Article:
EDMONTON -- No game in the NHL is ever easy.
Just ask the Wild, which has upended some of the very best teams in the National Hockey League this season, while also dropping games to teams outside the playoff picture like Arizona, Vancouver and Edmonton.
But following a 4-1 loss to the Oilers on Saturday night at Rogers Place, the Wild knows its margin for error down the stretch is about to get a whole lot thinner.
If there was any part of the schedule considered "easy," it was its most recent stretch to conclude the month of February and begin March.
Minnesota just finished a span of seven games against teams, either currently or at the time, outside the playoff picture in their respective conferences. Included were games against Arizona, Detroit and Carolina, as well as this weekend's back-to-back versus Vancouver and Edmonton.
With the exception of the Hurricanes, who are six points out of the second wild card spot in the East, all of those teams are likely fighting for draft positioning in June.
That won't be the case for the Wild moving forward.
First is a rematch against the Colorado Avalanche on Tuesday at Xcel Energy Center. Currently the second wild card in the West after a 5-2 win over the Coyotes on Saturday, the Avalanche won 7-1 against the Wild at Pepsi Center last weekend.
They won 7-2 in Denver on Jan. 6.
Minnesota scored a 3-2 shootout win in St. Paul the day after Thanksgiving, but considering what has happened in each of the past two meetings, it seems like a lifetime ago.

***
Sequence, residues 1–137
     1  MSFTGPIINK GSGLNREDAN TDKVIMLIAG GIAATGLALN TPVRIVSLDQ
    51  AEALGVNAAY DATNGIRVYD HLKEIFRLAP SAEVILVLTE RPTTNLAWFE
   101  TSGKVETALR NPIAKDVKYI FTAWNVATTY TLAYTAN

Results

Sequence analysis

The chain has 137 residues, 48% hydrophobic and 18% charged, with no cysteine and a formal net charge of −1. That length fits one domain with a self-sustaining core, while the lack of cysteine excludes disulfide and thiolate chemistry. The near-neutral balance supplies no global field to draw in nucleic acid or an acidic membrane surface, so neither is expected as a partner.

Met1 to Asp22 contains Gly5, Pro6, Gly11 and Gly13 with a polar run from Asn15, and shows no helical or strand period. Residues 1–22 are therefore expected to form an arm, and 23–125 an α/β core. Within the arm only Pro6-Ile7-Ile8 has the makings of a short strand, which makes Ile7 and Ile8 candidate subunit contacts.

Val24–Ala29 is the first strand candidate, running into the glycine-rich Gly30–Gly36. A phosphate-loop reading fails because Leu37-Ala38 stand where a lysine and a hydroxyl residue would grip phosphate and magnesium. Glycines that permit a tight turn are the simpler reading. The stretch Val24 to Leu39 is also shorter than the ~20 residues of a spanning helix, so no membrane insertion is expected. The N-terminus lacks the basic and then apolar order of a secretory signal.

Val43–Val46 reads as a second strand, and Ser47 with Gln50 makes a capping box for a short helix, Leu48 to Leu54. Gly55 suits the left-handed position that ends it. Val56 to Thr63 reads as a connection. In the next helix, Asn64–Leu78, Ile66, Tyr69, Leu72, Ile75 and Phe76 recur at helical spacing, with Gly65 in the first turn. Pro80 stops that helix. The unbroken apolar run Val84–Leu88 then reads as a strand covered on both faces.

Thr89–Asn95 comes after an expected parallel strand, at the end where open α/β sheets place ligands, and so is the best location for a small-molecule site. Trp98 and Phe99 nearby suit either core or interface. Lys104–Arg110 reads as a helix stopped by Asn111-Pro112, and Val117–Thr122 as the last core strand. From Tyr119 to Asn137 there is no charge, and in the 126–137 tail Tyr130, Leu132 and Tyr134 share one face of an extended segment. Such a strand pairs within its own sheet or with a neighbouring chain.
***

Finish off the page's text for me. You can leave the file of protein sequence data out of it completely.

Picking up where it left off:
The Wild hopes to rectify that on home ice Tuesday.
Video: Locker room postgame at Edmonton
"Obviously, the last two times we played them we weren't very good," said Wild defenseman Ryan Suter. "They were really good. For us to have a chance at home, getting back home we've been playing well. We have to continue that at home."
Things only get more difficult from there.
Minnesota's first trip to visit Pacific Division-leading Vegas occurs next Friday before a rematch with the Coyotes in Glendale on Saturday. Arizona has had the Wild's number this season, winning each of the first two meetings, and has been solid in 2018. The Wild will also be on the second half of back-to-back games while losing an hour on the flight east from Nevada.
After that, nine of Minnesota's final 10 games will come against teams either in the postseason or within one point of a playoff spot, with five of those games coming on the road. The Wild finishes the season with three games in California, widely regarded as the toughest road trip in the NHL.
Video: Bruce Boudreau postgame at Edmonton
"There's teams breathing down our back every night," said Wild coach Bruce Boudreau. "Every game is difficult."
Before going to California, the Wild has home and away games against both Nashville and Dallas. The Predators appear destined to win the Central Division and be the top seed in the Western Conference come playoff time. They are two points behind the Tampa Bay Lightning in the race for the President's Trophy and had a 10-game winning streak snapped in a shootout loss Saturday against New Jersey.
Dallas is three points behind the Wild for third place in the Central, and those games at the end of the month could very well decide who finishes where at the end of the season.
Minnesota also has home games against Los Angeles (one point out of a playoff spot), Boston (the second best team in the Eastern Conference) and Edmonton (who has now won each of the first two games against the Wild this season).
"So far we've been doing better against the teams that are in the playoffs than the teams that are out of the playoffs," Boudreau said. "No game's going to be easy, [but] we've got to find ways to win."
It's a schedule that certainly promises to be exciting. But it definitely won't be easy.
"It's funny how it seems every March it's like this, but that's part of it," Suter said. "We've got to find a way to get points, to have solid efforts."